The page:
martlou wrote:Thank you for your post! I think my discomfort comes from having so much money in one fund plus my lack of experience with bond funds fluctuating over time. I don't need to move it for liquidity so I will hang in there. It looks like I bought the fund at the high though!
NYBoglehead wrote:martlou wrote:Thank you for your post! I think my discomfort comes from having so much money in one fund plus my lack of experience with bond funds fluctuating over time. I don't need to move it for liquidity so I will hang in there. It looks like I bought the fund at the high though!
Don't look at it too frequently. It'll go up and down over time, but in the end you should be good. Even if interest rates rise the NAV will go down but you'll be receiving more interest and re-investing it at a lower NAV, thus buying more shares. It is much better there than in the money market fund. I know having that much in one fund sounds like a lot, but the fund invests in thousands of bonds and will be adding new ones as they are issued. 6 years is still a lot of time, don't worry about the day to day flucuations.
martlou wrote:I bought this at a NAV of $11.20 and didn't dollar cost average, so I am down.
martlou wrote: how is the bond fund going to be better than leaving the money in a money market?
sscritic wrote:livesoft wrote:Thirty-six millicents.
But "$0.36 cents"? What's the dollar sign doing in there?
Confusing us. Or is it the word cents that is confusing us?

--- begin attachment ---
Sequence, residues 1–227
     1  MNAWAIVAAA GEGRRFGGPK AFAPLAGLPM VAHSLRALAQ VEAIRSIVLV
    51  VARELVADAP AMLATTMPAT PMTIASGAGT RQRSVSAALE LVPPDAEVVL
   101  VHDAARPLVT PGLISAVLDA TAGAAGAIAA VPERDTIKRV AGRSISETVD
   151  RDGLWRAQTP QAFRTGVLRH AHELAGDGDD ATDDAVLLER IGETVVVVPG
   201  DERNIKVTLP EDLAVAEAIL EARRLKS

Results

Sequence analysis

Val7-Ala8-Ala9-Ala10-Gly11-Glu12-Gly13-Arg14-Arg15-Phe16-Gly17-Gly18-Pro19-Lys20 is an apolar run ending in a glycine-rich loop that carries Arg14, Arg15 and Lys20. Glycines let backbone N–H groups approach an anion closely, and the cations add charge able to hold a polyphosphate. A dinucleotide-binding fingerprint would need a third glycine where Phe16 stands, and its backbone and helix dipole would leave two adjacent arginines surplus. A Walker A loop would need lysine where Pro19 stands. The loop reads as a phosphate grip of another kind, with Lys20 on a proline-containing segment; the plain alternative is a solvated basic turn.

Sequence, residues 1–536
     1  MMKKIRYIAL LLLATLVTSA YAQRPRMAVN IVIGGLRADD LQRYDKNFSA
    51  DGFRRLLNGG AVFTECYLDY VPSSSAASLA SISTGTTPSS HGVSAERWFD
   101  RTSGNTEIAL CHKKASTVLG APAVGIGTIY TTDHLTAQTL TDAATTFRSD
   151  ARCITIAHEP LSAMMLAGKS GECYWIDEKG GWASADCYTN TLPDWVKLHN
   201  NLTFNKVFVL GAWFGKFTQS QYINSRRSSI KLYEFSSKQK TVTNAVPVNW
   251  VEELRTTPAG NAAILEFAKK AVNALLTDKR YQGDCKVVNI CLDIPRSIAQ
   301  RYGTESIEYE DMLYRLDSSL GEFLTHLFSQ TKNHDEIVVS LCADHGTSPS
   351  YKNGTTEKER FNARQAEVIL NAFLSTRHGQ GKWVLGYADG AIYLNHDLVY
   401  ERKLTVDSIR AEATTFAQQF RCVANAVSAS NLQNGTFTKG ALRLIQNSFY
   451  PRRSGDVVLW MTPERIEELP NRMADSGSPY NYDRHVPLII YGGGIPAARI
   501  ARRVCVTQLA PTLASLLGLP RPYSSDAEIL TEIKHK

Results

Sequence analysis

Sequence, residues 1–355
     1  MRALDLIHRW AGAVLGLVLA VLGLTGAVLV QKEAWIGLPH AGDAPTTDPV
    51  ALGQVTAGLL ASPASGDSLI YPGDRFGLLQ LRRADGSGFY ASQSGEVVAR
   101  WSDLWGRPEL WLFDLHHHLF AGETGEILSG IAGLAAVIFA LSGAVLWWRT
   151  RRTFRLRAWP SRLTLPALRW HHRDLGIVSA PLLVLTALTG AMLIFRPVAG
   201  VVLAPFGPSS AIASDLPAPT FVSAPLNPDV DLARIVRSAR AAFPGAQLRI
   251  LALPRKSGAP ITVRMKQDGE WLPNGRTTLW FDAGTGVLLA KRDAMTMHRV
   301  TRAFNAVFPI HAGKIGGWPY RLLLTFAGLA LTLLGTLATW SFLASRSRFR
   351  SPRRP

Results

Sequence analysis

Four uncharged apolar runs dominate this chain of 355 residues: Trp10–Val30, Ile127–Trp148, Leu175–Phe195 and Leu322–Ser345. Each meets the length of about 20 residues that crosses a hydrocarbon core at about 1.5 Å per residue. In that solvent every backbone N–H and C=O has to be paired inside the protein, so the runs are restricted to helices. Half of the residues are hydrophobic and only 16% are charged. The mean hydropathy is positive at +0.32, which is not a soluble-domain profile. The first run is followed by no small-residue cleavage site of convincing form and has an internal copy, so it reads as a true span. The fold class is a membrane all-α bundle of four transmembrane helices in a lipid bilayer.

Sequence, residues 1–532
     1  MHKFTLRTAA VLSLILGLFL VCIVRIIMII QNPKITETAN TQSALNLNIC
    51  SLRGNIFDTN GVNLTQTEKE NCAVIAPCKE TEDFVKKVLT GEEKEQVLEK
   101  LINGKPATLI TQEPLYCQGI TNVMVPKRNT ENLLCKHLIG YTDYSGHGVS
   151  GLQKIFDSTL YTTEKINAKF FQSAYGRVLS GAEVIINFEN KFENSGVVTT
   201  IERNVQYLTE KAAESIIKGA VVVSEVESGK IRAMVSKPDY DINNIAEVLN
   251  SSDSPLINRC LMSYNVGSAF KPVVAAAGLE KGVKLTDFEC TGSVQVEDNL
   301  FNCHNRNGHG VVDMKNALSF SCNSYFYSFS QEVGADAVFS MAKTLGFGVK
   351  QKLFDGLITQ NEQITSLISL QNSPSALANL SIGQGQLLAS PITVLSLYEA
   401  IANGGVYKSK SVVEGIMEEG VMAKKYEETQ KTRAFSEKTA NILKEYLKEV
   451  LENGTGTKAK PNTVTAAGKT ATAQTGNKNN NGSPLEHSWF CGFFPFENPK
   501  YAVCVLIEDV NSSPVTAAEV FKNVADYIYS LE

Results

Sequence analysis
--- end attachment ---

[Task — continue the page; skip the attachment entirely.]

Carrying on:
Bustoff wrote:martlou wrote: how is the bond fund going to be better than leaving the money in a money market?
While the NAV of the TBM is essentially flat after one year, each share paid 12 months of dividends totaling $0.36 cents.
The Prime money market paid 12 months of dividends totaling $0.00036. I don't even know how to say that figure.
There are a lot of savvy investors around here. Rather than asking if TBM is a good investment going forward, perhaps we can ask Bogleheads which bond funds they are investing in going forward.
Vanguards Ken Volpert claims, “The best place to be is very defensive and very short-term,” he pointed to Vanguard Short-Term Corporate Bond ETF (VCSH) or Vanguard Short-Term Investment-Grade Fund (VFSTX) .
Perhaps adjusting your fixed income allocation to three equal parts such as 1/3 Short-Term Corporate Bond, 1/3 Total Bond Fund, 1/3 CD's might help you sleep better.
martlou wrote: Thank you for clarifying! So if I understand correctly, on a 5.2 duration, the price would fall 5% approximately with 1% yield increase, and it could take about 1.5 years to be even again if the yield increased from 1.7 to 2.7% ? With this explanation, how is the bond fund going to be better than leaving the money in a money market?
This is no means a catastrophe - so don't panic. One lesson to learn from it is to fully understand something before you invest in it - regardless of what investment that is. There is nothing wrong with sitting in cash for a long time while you understand your options. I am not saying the intermediate bond funds are a bad investment, just that things tend to go a whole lot smoother when you understand how they work, and competing investments, before taking the plunge. Also, dollar-cost averaging is a good idea if you have concerns about investing a large sum all at once.
I am surprised you are fixated on the $11.20 price you paid. Since you purchased this fund it has paid out $0.07824 in distributions and will pay today another ~$0.022 dividend, for about a $0.10 total. That really means you bought for $11.10. It will probably have a NAV today of $11.00 even, so you will be down less than $1800 since you purchased. (I don't see how you say you have lost $3,000.) To me that seems quite a small fluctuation for an intermediate-term bond fund and no big deal.